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Algorithms to better support seniors with loss of autonomy

Québec is one of the world’s most rapidly aging societies, after Japan and South Korea. It is estimated that nearly one-third of Quebecers will be 65 years of age or older by 2066. Supporting seniors with loss of autonomy will therefore become increasingly important over the next few decades. Thanks to the ever-increasing amount of data captured by smart phones and other devices, it may be possible to keep older people at home longer. This, at least, is what Charles Gouin-Vallerand, professor in the Department of Information Systems and Quantitative Management Methods at the Université de Sherbrooke, suggests.

It may be possible to keep older people at home longer.

With his collaborators at the DOMUS Laboratory, Charles Gouin-Vallerand, who until recently was at Université TÉLUQ, is working on the development of computerized recommendation systems capable of recognizing daily and domestic activities in real time, such as sitting, cooking or washing. To do so, he is using geolocation and three-dimensional acceleration measurements collected by the GPS, accelerometer and gyroscope of the mobile devices of thousands of individuals, including Quebecers. From such contextual data, he designs algorithms capable of inferring complex habits.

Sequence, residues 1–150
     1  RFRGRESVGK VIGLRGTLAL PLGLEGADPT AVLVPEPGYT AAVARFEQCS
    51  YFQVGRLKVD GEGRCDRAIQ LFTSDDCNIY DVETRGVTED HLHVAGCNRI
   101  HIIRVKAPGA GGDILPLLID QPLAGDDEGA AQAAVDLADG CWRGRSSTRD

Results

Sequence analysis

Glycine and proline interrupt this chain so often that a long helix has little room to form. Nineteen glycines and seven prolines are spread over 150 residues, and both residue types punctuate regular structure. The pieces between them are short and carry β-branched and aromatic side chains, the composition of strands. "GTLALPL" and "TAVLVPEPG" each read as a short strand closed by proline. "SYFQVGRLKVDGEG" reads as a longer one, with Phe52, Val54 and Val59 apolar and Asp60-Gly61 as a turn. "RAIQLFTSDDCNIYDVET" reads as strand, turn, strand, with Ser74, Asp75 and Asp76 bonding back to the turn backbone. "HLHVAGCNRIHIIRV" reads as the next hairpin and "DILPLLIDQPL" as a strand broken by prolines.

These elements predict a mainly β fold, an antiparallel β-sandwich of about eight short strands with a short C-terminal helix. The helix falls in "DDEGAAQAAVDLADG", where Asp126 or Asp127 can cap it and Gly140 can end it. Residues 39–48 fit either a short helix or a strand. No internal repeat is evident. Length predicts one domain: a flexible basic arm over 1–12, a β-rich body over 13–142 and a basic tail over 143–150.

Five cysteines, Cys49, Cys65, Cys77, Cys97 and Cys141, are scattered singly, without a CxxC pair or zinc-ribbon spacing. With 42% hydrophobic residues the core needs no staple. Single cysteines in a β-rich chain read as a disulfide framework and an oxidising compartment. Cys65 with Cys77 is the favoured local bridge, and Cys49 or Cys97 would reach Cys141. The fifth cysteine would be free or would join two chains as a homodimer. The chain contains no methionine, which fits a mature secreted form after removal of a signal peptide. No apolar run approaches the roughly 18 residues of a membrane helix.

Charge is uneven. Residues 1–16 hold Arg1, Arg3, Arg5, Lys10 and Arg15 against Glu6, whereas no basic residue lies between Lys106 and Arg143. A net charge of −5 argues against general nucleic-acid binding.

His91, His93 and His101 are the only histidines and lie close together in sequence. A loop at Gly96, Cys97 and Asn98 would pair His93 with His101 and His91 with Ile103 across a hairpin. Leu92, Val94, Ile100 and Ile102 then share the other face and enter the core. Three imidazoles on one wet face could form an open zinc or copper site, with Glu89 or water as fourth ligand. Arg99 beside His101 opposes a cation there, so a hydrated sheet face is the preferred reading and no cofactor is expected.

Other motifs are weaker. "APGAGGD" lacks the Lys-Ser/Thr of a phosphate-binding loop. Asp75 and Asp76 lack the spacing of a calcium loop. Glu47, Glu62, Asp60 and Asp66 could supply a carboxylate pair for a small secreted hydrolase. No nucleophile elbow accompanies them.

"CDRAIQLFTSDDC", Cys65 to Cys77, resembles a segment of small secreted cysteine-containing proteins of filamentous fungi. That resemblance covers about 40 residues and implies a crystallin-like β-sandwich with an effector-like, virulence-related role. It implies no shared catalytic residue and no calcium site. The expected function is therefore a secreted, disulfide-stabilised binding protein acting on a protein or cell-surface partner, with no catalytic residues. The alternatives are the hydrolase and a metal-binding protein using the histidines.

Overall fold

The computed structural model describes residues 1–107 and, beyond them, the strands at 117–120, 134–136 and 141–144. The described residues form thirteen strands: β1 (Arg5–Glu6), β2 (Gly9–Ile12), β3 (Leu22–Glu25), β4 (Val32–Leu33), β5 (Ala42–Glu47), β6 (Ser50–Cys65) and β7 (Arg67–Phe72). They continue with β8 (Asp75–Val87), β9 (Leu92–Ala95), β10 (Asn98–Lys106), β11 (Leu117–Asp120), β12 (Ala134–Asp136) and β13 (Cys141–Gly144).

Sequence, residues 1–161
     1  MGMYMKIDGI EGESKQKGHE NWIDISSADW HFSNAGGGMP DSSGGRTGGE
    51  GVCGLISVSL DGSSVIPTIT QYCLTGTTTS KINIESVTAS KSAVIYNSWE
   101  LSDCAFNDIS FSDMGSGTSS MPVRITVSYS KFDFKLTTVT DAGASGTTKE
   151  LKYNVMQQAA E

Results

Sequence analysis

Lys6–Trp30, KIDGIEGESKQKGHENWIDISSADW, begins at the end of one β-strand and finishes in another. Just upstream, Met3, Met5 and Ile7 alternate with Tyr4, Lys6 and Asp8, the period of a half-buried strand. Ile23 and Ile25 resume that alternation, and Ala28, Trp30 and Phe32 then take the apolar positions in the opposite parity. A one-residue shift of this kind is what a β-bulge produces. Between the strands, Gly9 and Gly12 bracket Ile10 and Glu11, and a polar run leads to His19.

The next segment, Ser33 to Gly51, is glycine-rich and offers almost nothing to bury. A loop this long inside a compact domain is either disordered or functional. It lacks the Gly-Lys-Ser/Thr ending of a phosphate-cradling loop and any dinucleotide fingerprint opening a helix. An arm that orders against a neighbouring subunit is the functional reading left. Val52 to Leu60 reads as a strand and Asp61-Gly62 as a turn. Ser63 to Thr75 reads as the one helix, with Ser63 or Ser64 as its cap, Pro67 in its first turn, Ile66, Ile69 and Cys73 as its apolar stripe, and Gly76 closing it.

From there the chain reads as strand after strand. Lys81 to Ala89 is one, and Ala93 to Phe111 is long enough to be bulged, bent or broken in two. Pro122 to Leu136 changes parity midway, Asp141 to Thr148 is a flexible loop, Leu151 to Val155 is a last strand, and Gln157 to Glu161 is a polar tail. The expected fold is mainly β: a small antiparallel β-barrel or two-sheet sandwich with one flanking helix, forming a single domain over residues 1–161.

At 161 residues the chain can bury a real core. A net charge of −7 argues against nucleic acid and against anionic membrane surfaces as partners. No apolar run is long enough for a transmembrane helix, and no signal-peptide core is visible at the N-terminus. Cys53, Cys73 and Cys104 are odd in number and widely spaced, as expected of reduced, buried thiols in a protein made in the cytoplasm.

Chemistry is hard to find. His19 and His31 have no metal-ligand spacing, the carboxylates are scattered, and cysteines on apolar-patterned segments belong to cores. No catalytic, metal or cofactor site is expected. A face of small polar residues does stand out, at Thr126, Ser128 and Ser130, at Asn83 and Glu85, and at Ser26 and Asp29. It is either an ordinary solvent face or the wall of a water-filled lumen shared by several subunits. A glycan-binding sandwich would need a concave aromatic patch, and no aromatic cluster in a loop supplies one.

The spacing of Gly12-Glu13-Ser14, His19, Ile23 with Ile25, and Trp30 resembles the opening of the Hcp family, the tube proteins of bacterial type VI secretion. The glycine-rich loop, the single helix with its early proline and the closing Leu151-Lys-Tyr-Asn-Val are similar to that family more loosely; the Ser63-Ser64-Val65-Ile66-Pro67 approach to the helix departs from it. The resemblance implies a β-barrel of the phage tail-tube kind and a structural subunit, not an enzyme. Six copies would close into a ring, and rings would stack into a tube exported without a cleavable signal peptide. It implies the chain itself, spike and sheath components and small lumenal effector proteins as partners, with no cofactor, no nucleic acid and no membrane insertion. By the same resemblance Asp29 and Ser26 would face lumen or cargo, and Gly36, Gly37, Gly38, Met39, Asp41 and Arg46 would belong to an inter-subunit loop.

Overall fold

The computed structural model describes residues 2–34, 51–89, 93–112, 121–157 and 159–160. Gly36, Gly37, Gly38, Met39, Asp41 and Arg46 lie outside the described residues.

To date, these algorithms successfully recognize approximately 75% of everyday situations. Although high, this recognition rate is still too low to detect changes in user habits with any certainty. The algorithms are therefore not yet reliable enough to assist seniors with loss of autonomy at home. However, the recognition technique that has been developed reduces by half the time it takes for an algorithm to be able to detect a change in habit. Charles Gouin-Vallerand is currently pursuing his work on this subject. His objectives include better recognition of activities carried out in the presence of several users and broadening the range of recognized activities.